He is a bored millionaire, and relishes a fight - and the limelight. Anyone with any sense would be happy to trouser his recent £57m dividend and leave the management with the headaches of actually running an airline. But that would be too "easy". Fastjet - what am I bet that it never sees the light, let alone the skies?

Thursday 24 February 2011

The launch of "Hospitality Today" magazine - from hospital!

The last few weeks of my life seem to have passed in a blur. My company, Special Publishing, has launched a digital magazine for the hospitality industry - "Hospitality Today" - and that has taken a lot of my time. We have a foreword from the Minister of Tourism, a wine column from Jancis Robinson and much else beside - and we are reaching over 30,000 business owners (hoteliers, restaurateurs, and owners of inns, pubs and B&Bs).
The most exciting thing, though, is the innovative technology that underpins our "virtual magazine" - it can be read by anyone, anywhere on any PC, Mac, laptop, iPhone, iPad or smartphone. You can "turn the pages", but unlike printed magazines we can have video as well as still pictures on the page.

Enough of the sales pitch - my reason for this post is to say that just three days before our launch date, I saw my GP with 'stomach pains' and was rushed into hospital straight away, and went under the knife that evening for an appendectomy.

Thank god for the Blackberry - luckily I was able to OK a last minute ad from Moet & Chandon from my trolley before being put under - and that closed the magazine ready for launch. We did make the planned launch date after all.

In my couple of days of enforced inaction in hospital, however, I did refelect on the fact that NHS hospitals have some of the same faults as some hospitality businesses - mainly a lack of communication to the patient/customer. People will put up with an awful lot, if they are told what is going on quickly, clearly and honestly by someone who introduces him or herself and explains his or her role.

Whether it is a matre d' welcoming you to your table and describing today's specials, or a nurse telling you when you are due to go into the theatre, the same principles apply. On that basis, the NHS have a lot of room for improvement in my experience - though it has to be said that the operation was a complete success - luckily for me (and 'Hospitality Today'!).

Friday 24 September 2010

The Bronx, Bad Behaviour and Bottles

Three news items on successive days: (1) recalling how the pre-80s Bronx was a derelict no-go area, virtually a "war zone" where houses could not even be given away (they are now changing hands for millions); (2) yesterday's report from the Chief Inspector of Constabulary Sir Denis O'Connor saying the Police "did not regard anti-social behaviour as real crime", and (3) today's report that Dr Alasdair Forsyth, from the Glasgow Centre for the Study of Violence, is calling for city pubs to stop serving drinks in glasses and use plastic instead.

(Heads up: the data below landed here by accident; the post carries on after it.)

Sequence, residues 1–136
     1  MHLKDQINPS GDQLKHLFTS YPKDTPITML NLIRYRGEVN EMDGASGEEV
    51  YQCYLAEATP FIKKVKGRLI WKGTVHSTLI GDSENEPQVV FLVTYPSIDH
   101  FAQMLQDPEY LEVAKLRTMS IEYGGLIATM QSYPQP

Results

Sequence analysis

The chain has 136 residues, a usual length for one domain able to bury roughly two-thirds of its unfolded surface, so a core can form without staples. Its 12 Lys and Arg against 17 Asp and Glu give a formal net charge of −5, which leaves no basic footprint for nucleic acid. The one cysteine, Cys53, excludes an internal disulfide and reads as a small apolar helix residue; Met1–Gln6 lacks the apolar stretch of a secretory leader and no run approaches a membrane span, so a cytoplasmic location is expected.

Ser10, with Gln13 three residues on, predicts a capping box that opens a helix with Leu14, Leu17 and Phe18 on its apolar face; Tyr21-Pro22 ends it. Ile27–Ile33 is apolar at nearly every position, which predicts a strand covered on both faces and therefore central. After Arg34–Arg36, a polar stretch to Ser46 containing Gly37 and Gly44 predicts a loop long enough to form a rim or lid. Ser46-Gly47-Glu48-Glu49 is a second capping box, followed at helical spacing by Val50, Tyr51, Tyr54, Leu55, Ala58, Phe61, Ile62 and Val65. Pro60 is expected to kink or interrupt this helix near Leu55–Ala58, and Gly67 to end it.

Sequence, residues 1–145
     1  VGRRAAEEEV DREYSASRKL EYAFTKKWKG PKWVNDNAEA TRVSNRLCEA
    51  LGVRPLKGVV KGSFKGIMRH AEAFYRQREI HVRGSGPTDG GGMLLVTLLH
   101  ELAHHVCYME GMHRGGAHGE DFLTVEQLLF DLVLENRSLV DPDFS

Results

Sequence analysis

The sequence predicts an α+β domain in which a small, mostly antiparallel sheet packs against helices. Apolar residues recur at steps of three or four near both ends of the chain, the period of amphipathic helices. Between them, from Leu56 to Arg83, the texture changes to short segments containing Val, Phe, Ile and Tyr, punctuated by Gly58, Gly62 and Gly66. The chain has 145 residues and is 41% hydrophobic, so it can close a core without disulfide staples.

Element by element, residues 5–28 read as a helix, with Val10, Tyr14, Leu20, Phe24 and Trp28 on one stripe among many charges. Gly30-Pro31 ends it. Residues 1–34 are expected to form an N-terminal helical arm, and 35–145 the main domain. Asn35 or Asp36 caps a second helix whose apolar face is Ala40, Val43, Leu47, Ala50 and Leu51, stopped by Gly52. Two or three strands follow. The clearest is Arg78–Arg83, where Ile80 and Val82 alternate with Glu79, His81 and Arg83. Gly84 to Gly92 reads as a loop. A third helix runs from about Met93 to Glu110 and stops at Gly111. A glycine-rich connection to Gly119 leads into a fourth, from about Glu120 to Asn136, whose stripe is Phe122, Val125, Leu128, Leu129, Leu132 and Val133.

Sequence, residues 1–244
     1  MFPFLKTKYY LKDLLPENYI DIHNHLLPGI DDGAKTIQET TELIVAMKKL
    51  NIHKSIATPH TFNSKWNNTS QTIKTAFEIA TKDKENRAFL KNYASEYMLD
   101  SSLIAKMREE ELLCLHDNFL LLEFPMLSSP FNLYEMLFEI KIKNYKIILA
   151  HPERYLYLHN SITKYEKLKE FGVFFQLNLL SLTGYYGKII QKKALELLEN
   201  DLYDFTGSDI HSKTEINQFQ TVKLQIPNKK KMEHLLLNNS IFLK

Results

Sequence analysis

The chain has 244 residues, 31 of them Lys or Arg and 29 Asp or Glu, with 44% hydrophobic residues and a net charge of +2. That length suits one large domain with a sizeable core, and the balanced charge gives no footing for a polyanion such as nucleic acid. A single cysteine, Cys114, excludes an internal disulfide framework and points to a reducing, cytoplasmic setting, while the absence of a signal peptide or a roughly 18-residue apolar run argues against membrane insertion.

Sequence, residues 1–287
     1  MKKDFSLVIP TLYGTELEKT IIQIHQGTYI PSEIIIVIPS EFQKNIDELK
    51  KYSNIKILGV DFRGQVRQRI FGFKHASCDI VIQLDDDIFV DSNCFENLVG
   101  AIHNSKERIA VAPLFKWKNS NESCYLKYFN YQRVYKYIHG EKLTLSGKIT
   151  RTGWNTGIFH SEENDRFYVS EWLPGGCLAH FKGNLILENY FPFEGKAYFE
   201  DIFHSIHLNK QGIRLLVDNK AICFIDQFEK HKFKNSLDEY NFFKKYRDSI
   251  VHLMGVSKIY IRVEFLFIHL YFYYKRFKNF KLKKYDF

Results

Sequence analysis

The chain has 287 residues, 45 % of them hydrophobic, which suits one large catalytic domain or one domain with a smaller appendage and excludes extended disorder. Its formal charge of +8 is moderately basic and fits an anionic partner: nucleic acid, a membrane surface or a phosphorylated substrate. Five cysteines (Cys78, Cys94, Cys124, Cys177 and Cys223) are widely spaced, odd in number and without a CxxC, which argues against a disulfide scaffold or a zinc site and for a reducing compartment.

I can't be the only person to see a link here. The O'Connor report shows how important it is that the Police act on anti-social behaviour, which they "[do] not regard... as real crime and [are] slow to act [on]". The public don't agree: 45% (3.5m) of calls to the Police relate to it.

The New York story shows the ultimate consequence of ignoring anti-social behaviour: you end up with a war zone where citizens (and even Police) can't venture. How was it reclaimed? By cracking down first on "low-level" crime and anti-social behaviour.

Today's call to ban glasses illustrates another, more insidious consequence of failing to Police properly - the suggestions that we all suffer in order to reduce the availability of 'weapons' to the tiny minority.

The O'Connor report says the Police need to 'reclaim the streets'. It is about time they did - and the Government need to back them to do so. The (many) laws against anti-social behaviour, public drunkenness etc. need to be enforced. It is a slippery slope towards the (pre-80s) Bronx - and deciding to ban beer glasses rather than crack down on drunkenness and brawling may be a step down that slope.

Spivs and Gamblers...?

Vince Cable got some easy cheers by railing against City "spivs and gamblers" - how comforting to be able to blame our ills on those nasty fat cats.

The banking bailout, on current figures, looks as if it will break even or even make the taxpayer a profit. Meanwhile banks and finance contribute a huge proportion of UK taxes - and now salaries and bonuses will be taxed at 50%.

What would you call those who run an organisation for years, borrowing £1 for every £4 they spend of shareholders' money, leaving others to pick up the tab in the future? The man in charge of the purse strings of this organisation for a decade was fond of using the word "prudence" in every speech. Some might say that they were nearer the "spivs and gamblers" end of the spectrum.